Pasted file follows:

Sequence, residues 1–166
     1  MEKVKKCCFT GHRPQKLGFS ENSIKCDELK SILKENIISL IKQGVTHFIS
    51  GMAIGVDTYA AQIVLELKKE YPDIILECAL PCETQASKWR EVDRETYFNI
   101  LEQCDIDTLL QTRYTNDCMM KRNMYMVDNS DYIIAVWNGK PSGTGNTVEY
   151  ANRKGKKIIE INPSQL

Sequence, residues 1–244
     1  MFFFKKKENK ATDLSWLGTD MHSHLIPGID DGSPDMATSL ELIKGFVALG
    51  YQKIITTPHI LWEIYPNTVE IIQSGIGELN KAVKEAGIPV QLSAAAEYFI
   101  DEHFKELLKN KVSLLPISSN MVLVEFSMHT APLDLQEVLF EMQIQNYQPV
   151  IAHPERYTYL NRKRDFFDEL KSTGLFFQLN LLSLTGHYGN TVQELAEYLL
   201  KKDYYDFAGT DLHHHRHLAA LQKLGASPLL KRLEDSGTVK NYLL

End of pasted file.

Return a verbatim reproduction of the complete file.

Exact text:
Sequence, residues 1–166
     1  MEKVKKCCFT GHRPQKLGFS ENSIKCDELK SILKENIISL IKQGVTHFIS
    51  GMAIGVDTYA AQIVLELKKE YPDIILECAL PCETQASKWR EVDRETYFNI
   101  LEQCDIDTLL QTRYTNDCMM KRNMYMVDNS DYIIAVWNGK PSGTGNTVEY
   151  ANRKGKKIIE INPSQL

Sequence, residues 1–244
     1  MFFFKKKENK ATDLSWLGTD MHSHLIPGID DGSPDMATSL ELIKGFVALG
    51  YQKIITTPHI LWEIYPNTVE IIQSGIGELN KAVKEAGIPV QLSAAAEYFI
   101  DEHFKELLKN KVSLLPISSN MVLVEFSMHT APLDLQEVLF EMQIQNYQPV
   151  IAHPERYTYL NRKRDFFDEL KSTGLFFQLN LLSLTGHYGN TVQELAEYLL
   201  KKDYYDFAGT DLHHHRHLAA LQKLGASPLL KRLEDSGTVK NYLL